After our brief time in Butwal, we headed for Pokhara, the tourist center of Nepal. Along the way, we entered the Pokhara Basin and saw some impressive successions of lake and fluvial terraces, along with our first views of the famous Annapurna Massif, which towers over 8,000 meters tall.
Pokhara is located beside a deep green lake, nestled among forested hills with a postcard backdrop of gleaming Himalayan peaks. But it is also a bustling commercial center that was founded as a waypoint along the trade route between India and China, and it has a long history of annexation, rebellions and refugees. Once accessible only on foot, the city — and its tourism trade — grew rapidly after the Siddhartha Highway connecting Kathmandu and Pokhara was constructed in the late 1960s.
As we traveled on the highway, we passed through the Lesser Himalayan Group, made up of two major rock groups: a lower unit composed mostly of sandstones and volcanic sediments and a higher unit composed of schists, limestones and dolomites. The Lesser Himalaya zone is bounded to the north by the Main Central Thrust and to the south by another major fault zone, the Main Boundary Thrust. Unlike the Higher Himalaya, the Lesser Himalaya experienced much less severe metamorphism. The rocks here originated primarily from the main body of the Indian continent, and now display a series of dramatic, sheared anticlines and synclines.
Heading out of Pokhara the next day, we stopped at a small trail village called Nayapul, which sits at an elevation of 2,070 meters. It’s a one-road town lined with shops catering to trekkers. This is the start of the popular and difficult Annapurna Base Camp Trek — a roughly 10-day trek up to the 4,130-meter-high base camp set amid the mighty peaks of Annapurna I (8,091 meters), Annapurna South (7,219 meters), Machhapuchchhre (6,993 meters) and Hiunchuli (6,441 meters) — and the easier Poon Hill Trek, a four-day trek with a maximum elevation of 3,210 meters.
From here, we would proceed on foot. Our guides strapped our luggage to trail horses and we strapped on our backpacks for the 1,030-meter climb up to the hill town of Ulleri, an ancient village of stone houses sitting high above terraced farmland and sheer cliffs.
As we ascended the steps, we noticed stone memorials dotting the path that mark places where villagers have been killed by monsoon-triggered landslides. This was also the first time we saw the famous Nepali porters. The loads they heft — perhaps 45 kilograms or more in baskets toted by a band around the porter’s forehead — seem much too large for anyone to carry up such steep paths. Despite the exceptionally difficult working conditions, the men are probably happy to have the work, which garners them about $8 per day for their Herculean efforts, our guide told us.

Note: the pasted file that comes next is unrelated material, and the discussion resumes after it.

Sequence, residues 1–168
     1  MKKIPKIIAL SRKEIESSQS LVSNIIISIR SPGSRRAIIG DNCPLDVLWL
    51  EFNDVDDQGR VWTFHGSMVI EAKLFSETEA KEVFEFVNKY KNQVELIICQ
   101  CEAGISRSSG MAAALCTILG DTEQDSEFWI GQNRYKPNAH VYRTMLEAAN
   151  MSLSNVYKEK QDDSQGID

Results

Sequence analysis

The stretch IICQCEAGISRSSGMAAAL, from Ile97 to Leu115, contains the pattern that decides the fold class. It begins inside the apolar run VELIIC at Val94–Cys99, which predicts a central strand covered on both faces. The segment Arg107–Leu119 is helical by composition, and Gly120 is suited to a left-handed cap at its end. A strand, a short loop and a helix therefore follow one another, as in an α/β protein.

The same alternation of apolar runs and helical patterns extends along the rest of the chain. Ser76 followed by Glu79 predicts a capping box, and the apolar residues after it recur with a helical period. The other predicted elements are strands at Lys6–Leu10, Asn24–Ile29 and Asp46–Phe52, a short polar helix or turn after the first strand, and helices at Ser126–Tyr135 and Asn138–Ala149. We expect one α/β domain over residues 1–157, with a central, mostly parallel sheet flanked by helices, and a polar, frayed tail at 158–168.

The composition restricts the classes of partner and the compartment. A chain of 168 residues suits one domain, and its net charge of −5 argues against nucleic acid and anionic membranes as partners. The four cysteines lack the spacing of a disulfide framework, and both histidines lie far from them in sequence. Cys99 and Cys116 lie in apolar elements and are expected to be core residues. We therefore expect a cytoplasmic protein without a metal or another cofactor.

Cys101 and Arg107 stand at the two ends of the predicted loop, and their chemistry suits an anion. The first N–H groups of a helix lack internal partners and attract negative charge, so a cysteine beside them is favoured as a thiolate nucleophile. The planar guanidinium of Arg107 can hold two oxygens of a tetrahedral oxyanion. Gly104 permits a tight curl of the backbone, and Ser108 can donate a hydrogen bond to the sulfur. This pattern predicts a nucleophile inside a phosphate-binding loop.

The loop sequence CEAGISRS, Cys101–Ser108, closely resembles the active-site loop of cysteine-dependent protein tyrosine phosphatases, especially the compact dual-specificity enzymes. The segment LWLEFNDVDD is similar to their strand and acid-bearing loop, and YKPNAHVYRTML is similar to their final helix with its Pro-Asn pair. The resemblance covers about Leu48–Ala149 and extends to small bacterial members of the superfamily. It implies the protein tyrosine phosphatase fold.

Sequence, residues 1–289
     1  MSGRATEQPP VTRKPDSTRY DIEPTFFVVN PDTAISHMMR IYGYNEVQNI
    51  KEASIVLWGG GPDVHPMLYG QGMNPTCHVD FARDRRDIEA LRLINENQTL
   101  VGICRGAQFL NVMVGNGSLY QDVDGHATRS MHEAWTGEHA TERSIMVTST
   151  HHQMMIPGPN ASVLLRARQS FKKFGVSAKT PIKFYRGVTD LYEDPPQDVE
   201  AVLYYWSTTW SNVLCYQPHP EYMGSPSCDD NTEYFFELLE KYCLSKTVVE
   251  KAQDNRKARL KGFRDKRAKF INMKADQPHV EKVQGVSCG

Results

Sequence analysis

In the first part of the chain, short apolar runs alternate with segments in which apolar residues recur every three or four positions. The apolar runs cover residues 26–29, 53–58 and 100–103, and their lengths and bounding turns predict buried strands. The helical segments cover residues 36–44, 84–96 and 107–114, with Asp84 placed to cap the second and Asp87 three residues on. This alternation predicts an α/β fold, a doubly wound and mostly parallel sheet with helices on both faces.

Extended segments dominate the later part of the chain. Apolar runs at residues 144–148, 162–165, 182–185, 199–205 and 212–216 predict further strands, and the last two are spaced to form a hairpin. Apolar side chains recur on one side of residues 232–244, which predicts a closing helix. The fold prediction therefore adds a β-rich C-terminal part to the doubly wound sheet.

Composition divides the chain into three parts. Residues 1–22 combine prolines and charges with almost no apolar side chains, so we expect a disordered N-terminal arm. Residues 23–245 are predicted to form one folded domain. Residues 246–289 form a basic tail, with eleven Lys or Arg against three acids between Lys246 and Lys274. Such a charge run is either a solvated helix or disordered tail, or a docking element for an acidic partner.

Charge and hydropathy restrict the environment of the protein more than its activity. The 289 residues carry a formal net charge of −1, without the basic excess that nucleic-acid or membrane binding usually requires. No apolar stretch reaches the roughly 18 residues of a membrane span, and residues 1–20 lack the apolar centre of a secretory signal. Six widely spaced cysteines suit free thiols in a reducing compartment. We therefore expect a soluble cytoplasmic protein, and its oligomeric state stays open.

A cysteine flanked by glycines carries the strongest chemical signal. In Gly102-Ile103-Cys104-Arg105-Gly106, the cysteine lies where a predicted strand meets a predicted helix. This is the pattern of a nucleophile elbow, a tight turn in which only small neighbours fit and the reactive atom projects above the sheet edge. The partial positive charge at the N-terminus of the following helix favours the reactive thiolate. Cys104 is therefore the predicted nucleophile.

At lunchtime, we stopped at a village and our guide pointed out a distant ridge on the next mountain. “That’s where we stay tonight,” he told us. Two hours after lunch, and 3,200 grueling stone steps later, we arrived in the village of Ulleri, with the 7,219-meter snow-capped peak of Annapurna South in the distance. Along with the stunning views, the geology that day had been quite impressive, offering views of phyllites, many different schists and some augen gneiss, all part of the Lesser Himalaya.
From Ulleri, we still had another 800 meters of steps to go to get to the village of Ghorepani, a popular tourist destination and jumping-off point for some of the easier treks in the Himalaya.
Along the way, we saw a number of metamorphosed sedimentary rocks like phyllites, schists and quartzites. The high-grade metamorphism exhibited in these rocks results from their proximity to the Main Central Thrust, a major geological fault associated with the collision of the northward-moving Indian Plate and the Eurasian Plate. The Main Central Thrust is a ductile shear zone along which the high-grade metamorphic rocks of the High Himalayan Sequence were thrust above the low-grade rocks of the Lesser Himalaya.
The Main Central Thrust has been the subject of considerable debate. The metamorphic grade changes continuously across the fault, and some evidence suggests that different parts may have been active at different times, leading to a complicated story to piece together. Although numerous studies have been carried out, the Main Central Thrust has not yet been exhaustively explored and further work will be needed to solve its puzzle.
A particularly popular spot near Ghorepani is Poon Hill. Many trekkers spend the night in Ghorepani and get up very early the next morning to take a 30-minute walk (a 200-meter ascent) to the top of Poon Hill, renowned for its amazing sunrise views, which include the Annapurna and Dhaulagiri high ranges. Unfortunately, when we hoofed it up Poon Hill early the next morning, we found clouds — and crowds — blocking some of the view, but it was nevertheless a breathtaking vista, at least for a geologist.